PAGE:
In the consolidated cases Espejo v. Santander Consumer USA Inc., No. 11 C 8987, 2016 WL 6037625 (N.D. Ill. Oct. 14, 2016) and Levins v. Santander Consumer USA Inc., No. 12 C 9431, 2016 WL 6037 (N.D. Ill. Oct. 14, 2016), the U.S. District Court for the Northern District of Illinois denied Plaintiff Faye Levins’ motion to certify a class pursuant Fed. R. Civ. P. 23(b)(3), finding that Levins failed to meet the prerequisites for class certification. While the court denied Levins’ motion for class certification, it granted in part and denied in part Santander Consumer USA Inc.’s (“Santander”) motion for summary judgment on Levins’ Telephone Consumer Protection Act (“TCPA”) claims.
The court first addressed Santander’s motions for summary judgment. With respect to liability under the TCPA, the parties agreed that any potential liability turned on whether Santander obtained the plaintiffs’ consent to call the cell numbers at issue. Levins claimed that Santander called her cell phone numbers, one of which was provided on her credit application. Finding the undisputed facts showed Santander obtained consent to call, the court easily granted Santander’s motion for summary judgment as it related to the cell number provided on Levins’ credit application. With respect to one of the remaining cell numbers, Levins pointed to Santander’s activity notes and argued there was an “utter lack of clarity” on the issue of consent. Drawing all reasonable inferences in favor of Levins, the court determined that a question of fact remained as to whether Levins provided consent.
Turning to Levins’ motion for class certification, the court noted that Fed. R. Civ. P. 23 required Levins to show (1) numerosity; (2) commonality; (3) typicality; and (4) adequacy of representation, as well as show “that the question of law or fact common to class members predominate over any questions affecting only individual members, and that a class action is superior to other available methods for fairly and efficiently adjudicating the controversy” pursuant to Fed. R. Civ. P. 23(b)(3).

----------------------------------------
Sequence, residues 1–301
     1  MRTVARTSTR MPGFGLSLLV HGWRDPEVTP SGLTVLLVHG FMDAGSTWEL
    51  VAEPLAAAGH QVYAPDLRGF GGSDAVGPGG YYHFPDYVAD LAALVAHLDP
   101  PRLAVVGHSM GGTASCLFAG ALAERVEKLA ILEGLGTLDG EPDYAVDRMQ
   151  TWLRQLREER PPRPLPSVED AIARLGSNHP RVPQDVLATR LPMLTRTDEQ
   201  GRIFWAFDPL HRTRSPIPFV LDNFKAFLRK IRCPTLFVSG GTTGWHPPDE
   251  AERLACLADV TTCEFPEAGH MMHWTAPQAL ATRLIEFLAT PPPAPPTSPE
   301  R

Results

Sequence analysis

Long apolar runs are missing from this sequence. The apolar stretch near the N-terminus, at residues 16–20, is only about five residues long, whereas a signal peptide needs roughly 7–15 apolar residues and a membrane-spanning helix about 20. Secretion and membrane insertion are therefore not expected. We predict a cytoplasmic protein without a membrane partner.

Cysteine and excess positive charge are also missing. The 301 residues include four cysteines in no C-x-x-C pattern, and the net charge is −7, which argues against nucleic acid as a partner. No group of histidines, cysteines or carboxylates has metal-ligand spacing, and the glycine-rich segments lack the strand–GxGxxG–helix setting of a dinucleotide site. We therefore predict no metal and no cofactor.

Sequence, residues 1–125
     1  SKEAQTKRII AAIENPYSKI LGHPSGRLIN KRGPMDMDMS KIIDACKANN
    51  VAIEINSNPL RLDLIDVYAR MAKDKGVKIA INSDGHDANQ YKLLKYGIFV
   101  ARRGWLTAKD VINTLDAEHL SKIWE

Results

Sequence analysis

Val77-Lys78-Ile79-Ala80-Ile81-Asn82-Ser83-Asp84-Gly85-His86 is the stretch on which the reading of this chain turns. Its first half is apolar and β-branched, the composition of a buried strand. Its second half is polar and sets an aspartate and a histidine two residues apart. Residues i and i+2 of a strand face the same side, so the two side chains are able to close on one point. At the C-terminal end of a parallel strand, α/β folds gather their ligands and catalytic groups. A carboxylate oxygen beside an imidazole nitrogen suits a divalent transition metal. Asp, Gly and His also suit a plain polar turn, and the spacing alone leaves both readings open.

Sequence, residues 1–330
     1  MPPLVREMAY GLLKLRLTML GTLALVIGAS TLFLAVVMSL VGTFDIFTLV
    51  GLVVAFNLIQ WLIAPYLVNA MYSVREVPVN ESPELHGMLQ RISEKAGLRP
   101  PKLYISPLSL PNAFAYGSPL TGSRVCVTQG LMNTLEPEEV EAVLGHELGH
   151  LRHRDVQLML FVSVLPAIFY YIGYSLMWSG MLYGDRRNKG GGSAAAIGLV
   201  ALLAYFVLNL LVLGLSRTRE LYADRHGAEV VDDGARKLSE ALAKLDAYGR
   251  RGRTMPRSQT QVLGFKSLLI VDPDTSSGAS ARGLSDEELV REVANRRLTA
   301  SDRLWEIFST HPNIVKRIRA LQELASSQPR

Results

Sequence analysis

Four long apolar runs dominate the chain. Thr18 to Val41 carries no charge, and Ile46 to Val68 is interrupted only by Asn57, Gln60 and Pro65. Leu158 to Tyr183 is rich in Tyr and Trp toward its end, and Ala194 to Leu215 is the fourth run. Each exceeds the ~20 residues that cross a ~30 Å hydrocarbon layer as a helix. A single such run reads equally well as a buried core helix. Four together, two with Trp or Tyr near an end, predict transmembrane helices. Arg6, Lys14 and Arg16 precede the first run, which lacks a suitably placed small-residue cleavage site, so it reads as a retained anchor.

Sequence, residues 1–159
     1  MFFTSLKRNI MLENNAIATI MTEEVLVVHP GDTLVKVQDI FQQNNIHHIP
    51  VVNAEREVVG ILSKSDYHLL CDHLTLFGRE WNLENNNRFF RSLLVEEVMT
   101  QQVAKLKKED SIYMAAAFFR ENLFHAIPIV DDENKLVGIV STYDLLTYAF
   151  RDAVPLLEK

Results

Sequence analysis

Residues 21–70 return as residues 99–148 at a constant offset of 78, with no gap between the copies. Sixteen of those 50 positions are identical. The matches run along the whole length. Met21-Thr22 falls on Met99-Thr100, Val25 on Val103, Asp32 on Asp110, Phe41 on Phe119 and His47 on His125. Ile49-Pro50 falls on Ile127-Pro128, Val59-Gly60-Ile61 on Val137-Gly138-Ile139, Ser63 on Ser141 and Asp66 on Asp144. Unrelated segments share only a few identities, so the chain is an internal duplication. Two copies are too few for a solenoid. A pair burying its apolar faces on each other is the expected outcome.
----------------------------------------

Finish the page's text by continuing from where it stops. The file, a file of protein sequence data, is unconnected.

Levins sought to certify a class of all individuals who were called on a cell number that was not provided at origination, was not provided orally or in writing before Santander’s first call as reflected in Santander’s records, and was not verified before being called as reflected in Santander’s records. Levins’ proposed subclass consisted of those individuals whose cell number was captured through calls made to Santander’s IVR system by its identification as such in Santander’s records. According to Levins, the class could be determined by analyzing Santander’s records.
Finding that Levins could not have her cake and eat it too, the court first addressed the ascertainability and numerosity requirements, pointing out that Levins based her motion for class certification on Santander’s activity notes, which were the very records she challenged as having an “utter lack of clarity” in her response to Santander’s motion for summary judgment. Because Levins challenged the “content, clarity, accuracy, and completeness” of the records upon which her class certification was based, the court found that Levins’ proposed class definition was unascertainable. Similarly, Levins could not identify a group of any individuals who met her class definition and attempted to rely on Santander’s activity notes to determine class members. Levins argued that her proposed class was “fail-safe” because it was defined so that whether the person qualifies as a member depends on whether the person has a valid claim. The court, however, adopted Santander’s argument that the class definition was improper because a class member would win or, by virtue of losing, be defined out of the class and not bound by the judgment. Because a determination of the class would also constitute a determination of liability, the court held that Levins’ proposed class was impermissible.